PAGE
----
Autism and love

In previous posts, I have written a little bit about autism, specifically in the light of some of the experiences that I have had with it as a parent. Some of these stories are about sadness, some are about despair (with a twist), some are about anger/frustration and yet some are about hope and love. Regardless of the main feeling, I think all of them can teach us a lesson…

As with any disability, living with a loved one with autism is a challenge, and some days are better than others. These challenges become more apparent with puberty. I may have said this before, but here it goes again; as difficult as puberty is for “normal” kids, it is even worse for kids in the autistic spectrum.

The term “neurotypical” was coined mainly to distinguish between “normal” people (Whatever “normal”means; I insist that no one is 100% normal) and people with autism-like cognitive and developmental disabilities. This needs to be explained, because at face value, when I hear “neurotypical” I hear “normal”, and as I said, strictly speaking, there is more than one kind of “normal”.

The cognitive and intellectual consequences of autism and related conditions are well-known and extensively described. That said, what about feelings? Do you need to have a fully neurotypical brain to have feelings? I am sure that someone have asked that question before and it may have even been researched, but of course, the answer is “no”. People with autism feel anger, despair and frustration as we all do. However, it is very easy to lose sight of this fact. Just think of the following, it is incredibly hard to put yourself in the proverbial shoes of a person with a disability, even worse in the case of neurological conditions, precisely because your ‘normal’ brain is not equipped to put yourself in the frame of mind of a ‘disabled’ brain, even if the owner of that brain is your own son.

Heck, most of the time I don’t even know what I am thinking and I am reasonably sure that this is true for most people!

A couple of days ago, I told my oldest boy (he is almost 15) to do something and he forgot to do it, which I pointed out. He got very upset and said something that I couldn’t quite catch. I thought he got testy with me (that’s normal for a 15 year old, neurotypical or not) and I asked him in my aggravated father’s voice, “What did you just say?

He said, “I said, curse my autism!

I froze for a split second and then I asked him what he meant by that.

You know, autism, my mental disability, what’s up with that?” He said, raising his arms in frustration.

It broke my heart.

He was still very upset; I grabbed him by his shoulders, thinking at 1,000 miles per hour and I said something in the lines of “Listen; yes, you have autism, but you are a wonderful young man and you can learn to work with this; your mama and I love you and we will help you out”. He calmed down, but still looked at me with a deep sadness in his big brown eyes.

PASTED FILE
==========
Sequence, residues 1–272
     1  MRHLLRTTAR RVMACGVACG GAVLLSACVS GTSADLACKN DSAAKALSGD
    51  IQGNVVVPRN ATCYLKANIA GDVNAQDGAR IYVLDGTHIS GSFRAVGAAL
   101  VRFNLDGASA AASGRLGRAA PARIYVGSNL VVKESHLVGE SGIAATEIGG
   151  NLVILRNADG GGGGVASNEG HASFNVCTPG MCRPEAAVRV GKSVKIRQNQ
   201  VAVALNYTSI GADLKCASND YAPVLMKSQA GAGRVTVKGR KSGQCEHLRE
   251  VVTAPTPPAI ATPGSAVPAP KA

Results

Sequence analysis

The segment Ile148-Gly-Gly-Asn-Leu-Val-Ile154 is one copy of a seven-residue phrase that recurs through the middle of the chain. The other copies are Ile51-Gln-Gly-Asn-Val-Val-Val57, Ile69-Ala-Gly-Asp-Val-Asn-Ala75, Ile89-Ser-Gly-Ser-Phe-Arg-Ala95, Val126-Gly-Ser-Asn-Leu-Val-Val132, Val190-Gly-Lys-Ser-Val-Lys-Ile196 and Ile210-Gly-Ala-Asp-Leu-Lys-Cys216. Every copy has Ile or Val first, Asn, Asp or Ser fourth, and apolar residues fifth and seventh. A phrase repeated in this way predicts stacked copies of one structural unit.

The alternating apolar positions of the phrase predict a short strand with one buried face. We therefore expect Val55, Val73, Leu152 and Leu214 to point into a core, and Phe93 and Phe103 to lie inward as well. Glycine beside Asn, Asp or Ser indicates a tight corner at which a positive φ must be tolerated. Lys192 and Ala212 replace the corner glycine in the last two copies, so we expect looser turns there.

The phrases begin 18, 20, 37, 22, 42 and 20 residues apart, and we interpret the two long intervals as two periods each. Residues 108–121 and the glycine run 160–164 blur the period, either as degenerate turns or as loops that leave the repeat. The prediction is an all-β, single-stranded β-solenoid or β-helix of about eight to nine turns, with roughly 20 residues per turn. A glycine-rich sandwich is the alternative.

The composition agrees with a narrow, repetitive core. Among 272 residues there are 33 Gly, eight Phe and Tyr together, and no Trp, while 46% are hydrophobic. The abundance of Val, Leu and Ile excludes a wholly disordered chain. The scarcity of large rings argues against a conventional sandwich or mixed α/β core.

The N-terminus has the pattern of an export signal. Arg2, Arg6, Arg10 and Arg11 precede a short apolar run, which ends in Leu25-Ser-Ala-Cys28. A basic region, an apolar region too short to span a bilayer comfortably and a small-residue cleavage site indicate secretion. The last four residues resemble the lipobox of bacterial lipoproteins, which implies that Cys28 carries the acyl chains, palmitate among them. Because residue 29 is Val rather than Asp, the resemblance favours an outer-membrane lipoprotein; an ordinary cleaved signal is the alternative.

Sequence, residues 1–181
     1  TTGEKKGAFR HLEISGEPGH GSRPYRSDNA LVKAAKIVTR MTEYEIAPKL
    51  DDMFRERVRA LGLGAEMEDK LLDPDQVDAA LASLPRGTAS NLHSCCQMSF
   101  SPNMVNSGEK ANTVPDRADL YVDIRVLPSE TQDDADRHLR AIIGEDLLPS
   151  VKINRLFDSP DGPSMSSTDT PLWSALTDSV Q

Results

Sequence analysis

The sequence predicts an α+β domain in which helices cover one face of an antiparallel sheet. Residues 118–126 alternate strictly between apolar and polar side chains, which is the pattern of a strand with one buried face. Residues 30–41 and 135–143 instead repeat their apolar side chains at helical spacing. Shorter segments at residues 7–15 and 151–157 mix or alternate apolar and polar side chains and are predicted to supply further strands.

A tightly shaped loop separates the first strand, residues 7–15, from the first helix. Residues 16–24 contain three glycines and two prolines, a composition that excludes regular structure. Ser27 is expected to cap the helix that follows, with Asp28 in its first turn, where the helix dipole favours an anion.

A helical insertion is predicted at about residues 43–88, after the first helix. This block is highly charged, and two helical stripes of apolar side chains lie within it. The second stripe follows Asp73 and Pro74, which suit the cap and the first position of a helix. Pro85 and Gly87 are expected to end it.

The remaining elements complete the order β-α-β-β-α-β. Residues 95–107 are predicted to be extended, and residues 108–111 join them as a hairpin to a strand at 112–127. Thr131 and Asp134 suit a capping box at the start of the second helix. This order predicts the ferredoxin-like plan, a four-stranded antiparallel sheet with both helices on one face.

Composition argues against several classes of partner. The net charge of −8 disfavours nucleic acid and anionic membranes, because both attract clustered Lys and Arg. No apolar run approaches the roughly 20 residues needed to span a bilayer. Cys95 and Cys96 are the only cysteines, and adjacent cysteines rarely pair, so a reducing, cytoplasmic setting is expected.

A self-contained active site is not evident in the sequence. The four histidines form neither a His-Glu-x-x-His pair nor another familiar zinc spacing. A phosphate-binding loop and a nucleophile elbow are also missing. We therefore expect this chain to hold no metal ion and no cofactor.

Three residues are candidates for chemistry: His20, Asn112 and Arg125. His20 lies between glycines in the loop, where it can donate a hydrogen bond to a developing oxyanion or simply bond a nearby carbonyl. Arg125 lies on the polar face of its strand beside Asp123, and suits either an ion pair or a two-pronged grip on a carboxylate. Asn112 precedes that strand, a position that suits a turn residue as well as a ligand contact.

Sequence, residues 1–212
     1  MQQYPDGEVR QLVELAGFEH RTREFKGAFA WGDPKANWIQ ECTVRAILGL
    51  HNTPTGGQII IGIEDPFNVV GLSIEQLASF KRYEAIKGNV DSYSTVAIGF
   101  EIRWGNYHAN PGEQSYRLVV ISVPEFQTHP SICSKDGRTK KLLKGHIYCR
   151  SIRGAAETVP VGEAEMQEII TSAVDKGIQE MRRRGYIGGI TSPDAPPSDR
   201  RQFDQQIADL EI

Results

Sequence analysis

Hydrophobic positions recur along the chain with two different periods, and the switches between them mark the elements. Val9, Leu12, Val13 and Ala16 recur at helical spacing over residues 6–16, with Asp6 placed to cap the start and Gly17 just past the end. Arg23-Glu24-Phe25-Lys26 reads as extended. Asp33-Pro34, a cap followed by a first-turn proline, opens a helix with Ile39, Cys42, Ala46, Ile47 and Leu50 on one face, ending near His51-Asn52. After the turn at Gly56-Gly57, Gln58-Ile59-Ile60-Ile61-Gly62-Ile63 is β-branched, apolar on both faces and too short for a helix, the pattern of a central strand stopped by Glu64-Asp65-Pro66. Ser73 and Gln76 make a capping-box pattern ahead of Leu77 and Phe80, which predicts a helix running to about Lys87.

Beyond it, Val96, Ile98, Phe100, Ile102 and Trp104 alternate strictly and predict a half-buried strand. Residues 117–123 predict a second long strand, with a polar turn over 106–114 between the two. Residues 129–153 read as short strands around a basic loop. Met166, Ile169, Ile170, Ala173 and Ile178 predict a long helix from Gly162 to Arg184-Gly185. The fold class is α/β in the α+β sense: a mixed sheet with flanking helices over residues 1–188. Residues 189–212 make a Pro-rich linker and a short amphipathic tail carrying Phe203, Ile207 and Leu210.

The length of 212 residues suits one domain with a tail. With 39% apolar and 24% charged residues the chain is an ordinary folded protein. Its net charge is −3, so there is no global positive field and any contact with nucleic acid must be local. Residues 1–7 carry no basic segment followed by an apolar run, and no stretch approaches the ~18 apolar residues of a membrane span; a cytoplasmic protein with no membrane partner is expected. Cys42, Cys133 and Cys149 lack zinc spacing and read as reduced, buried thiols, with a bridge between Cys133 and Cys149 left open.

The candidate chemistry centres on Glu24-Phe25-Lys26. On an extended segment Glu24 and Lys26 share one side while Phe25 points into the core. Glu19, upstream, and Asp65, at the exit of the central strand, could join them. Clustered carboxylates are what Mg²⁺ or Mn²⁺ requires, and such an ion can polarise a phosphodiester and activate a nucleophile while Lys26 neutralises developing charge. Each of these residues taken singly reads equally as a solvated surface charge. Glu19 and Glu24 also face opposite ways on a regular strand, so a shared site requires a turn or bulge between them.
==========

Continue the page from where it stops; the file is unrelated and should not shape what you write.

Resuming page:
With my mind still racing, I told him something like this:

Look dude, everybody has something, you may have autism, but I am bald, see?

That made him chuckle a little bit and then he gave me the biggest bear hug that I have ever received.

There is one feeling that I am absolutely sure that people with autism understand; love.

nanapapaweb

Happy 2013!  This is my first post of the year.  Please tell me what you think!  Also, if you’d like, you may “like” my Facebook page

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12 Comments

  1. You know, my oldest son has a slight birth defect in his right leg (he has a large mass of excess blood vessels in his thigh – a hemangeoma – which sometimes causes pain, must be regularly exercised and stretched to maintain full range of motion and has resulted in that leg and foot being slightly smaller than the other). Honestly, I always thought of it as a small thing and was surprised to find out how much it weighs on him. He struggles with knowing that he’s probably always going to have days when he wakes up and can’t just get up and walk because of the pain. And the fear that something could happen to cause massive bleeding in that leg. I had no idea and was caught quite flat-footed trying to find something re-assuring to tell him. It is odd how hard it can be to maintain our empathy for our kids. We see the trouble they cause us, but if we’re not careful we can easily miss all the things going on beneath the surface. Our kids do sit and think, worry and have fears and frustrations just like anyone else – whether they are “neurotypical” or not.

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